7 Stephen King’s Old Hollywood Picks to Watch on Prime

7 Stephen King’s Old Hollywood Picks to Watch on Prime
Image credit: MGM, American International Pictures

The king of horror highly recommends these retro hidden gems.

The author of numerous horror novels, which have been the sources for Hollywood’s successful projects since the 1980’s, is famous for his movie recommendations.

Here are seven old movies of the classic Hollywood era, praised by King and available for watching on Prime Video.

1. Les Diaboliques (1955)

“He out-Hitchcocked Hitchcock,” King beautifully stated about the director of this French psychological horror thriller, Henri-Georges Clouzot, featuring a nail-biting story of a woman and her husband's mistress who conspire to murder the lying man.

2. Paths of Glory (1957)

Speaking of The Shining director, Stanley Kubrick, this anti-war movie was also mentioned. Set during World War I, this historically significant film focuses on the commanding officer of French soldiers (played by Kirk Douglas) who refuse to continue a suicidal attack.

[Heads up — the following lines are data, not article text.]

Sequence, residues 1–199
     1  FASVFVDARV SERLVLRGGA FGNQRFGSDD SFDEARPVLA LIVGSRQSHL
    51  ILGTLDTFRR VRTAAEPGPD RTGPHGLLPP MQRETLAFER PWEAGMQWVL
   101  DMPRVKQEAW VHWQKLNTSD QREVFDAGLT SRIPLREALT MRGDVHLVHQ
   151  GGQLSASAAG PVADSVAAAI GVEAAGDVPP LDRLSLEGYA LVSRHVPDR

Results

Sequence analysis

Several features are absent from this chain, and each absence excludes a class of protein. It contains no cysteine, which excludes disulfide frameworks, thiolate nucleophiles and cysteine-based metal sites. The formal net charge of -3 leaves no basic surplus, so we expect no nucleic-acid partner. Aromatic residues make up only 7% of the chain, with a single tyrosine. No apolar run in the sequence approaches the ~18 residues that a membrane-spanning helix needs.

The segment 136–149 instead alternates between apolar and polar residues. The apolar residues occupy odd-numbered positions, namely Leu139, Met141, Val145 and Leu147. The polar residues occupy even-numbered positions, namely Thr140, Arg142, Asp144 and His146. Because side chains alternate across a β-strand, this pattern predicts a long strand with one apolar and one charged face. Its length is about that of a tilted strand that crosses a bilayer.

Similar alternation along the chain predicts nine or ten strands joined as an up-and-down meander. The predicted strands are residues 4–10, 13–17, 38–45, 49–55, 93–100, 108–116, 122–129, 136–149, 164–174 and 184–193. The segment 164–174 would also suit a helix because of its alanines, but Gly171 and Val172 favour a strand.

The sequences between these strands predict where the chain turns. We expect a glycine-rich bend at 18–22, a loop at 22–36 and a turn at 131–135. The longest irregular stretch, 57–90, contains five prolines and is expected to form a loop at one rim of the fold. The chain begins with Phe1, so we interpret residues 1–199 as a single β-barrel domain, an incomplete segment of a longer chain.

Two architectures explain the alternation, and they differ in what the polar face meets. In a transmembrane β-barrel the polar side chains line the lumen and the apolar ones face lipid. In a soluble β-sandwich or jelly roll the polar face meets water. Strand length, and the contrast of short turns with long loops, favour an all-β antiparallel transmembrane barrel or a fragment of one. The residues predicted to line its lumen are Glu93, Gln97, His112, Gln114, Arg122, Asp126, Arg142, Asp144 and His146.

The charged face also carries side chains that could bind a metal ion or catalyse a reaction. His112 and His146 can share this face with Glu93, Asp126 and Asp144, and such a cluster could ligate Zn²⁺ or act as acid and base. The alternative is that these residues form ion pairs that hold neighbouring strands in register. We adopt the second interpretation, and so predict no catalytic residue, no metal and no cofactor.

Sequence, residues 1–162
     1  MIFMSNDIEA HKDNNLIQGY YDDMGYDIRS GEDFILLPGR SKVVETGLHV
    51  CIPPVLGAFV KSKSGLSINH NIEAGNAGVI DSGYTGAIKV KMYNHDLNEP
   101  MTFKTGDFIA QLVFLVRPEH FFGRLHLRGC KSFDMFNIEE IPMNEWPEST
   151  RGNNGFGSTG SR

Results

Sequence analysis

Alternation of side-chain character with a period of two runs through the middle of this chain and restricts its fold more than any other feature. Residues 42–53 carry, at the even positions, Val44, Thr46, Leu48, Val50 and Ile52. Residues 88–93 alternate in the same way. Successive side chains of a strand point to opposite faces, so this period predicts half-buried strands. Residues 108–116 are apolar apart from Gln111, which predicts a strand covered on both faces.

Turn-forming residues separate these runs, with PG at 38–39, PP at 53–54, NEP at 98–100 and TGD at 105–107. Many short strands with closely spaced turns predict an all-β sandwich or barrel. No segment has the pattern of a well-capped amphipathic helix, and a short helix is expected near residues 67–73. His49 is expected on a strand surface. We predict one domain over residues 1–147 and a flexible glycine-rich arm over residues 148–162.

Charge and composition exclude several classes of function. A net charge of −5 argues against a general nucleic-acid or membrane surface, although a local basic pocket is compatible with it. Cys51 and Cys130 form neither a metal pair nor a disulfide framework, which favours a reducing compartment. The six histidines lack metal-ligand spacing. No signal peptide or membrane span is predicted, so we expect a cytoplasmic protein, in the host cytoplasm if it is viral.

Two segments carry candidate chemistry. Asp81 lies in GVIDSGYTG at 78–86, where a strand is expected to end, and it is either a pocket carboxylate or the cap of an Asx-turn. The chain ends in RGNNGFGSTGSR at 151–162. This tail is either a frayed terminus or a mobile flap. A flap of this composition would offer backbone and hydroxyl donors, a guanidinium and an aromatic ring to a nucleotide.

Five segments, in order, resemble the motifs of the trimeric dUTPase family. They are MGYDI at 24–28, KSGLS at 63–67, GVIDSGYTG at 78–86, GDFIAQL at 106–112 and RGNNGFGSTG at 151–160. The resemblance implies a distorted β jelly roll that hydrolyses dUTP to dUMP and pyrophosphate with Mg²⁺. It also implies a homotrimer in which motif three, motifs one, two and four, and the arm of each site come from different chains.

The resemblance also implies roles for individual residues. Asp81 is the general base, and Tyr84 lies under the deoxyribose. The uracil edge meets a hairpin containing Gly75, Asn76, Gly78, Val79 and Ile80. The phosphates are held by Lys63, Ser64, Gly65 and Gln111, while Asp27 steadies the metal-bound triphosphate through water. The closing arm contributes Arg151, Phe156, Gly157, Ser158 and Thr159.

3. Night of the Demon (1957)

An adaptation of M.R. James’s horror story about a satanic cult amazed King by the gradual and perfectly-timed growth of suspense it creates.

“The horror here is pretty understated, until the very end,” says the writer about Jacques Tourneur’s feature.

4. Village of the Damned (1960)

Another horror movie in the master’s list, this time mixed with science fiction, revolves around a mysterious village, whose residents suddenly fall unconscious and then, upon coming back to life, gain horrifying supernatural abilities out of nowhere.

5. Dementia 13 (1963)

“For mood, atmosphere, and plain old gut-churning horror, 13 [Dementia 13] makes Psycho and Night of the Living Dead look tame,” convincingly concludes King about Francis Ford Coppola horror-thriller directorial debut, calling it “a movie that matters”.

6. Dr. Strangelove or: How I Learned to Stop Worrying and Love the Bomb (1964)

Another Kubrick’s masterpiece included in the acclaimed writer’s top picks, now a brilliant political satire black comedy one, as it centers on the fears of a tragic nuclear conflict between the Soviet Union and the United States during the Cold War.

7. Duel (1971)

“It’s his [Steven Spielberg ’s] most inventive film, and stripped to the very core: one man, one truck, one fight to the death,” as voiced in King’s description of the action movie, telling a story of a man, terrorized by a mysterious driver of a giant semi-truck.

Source: BFI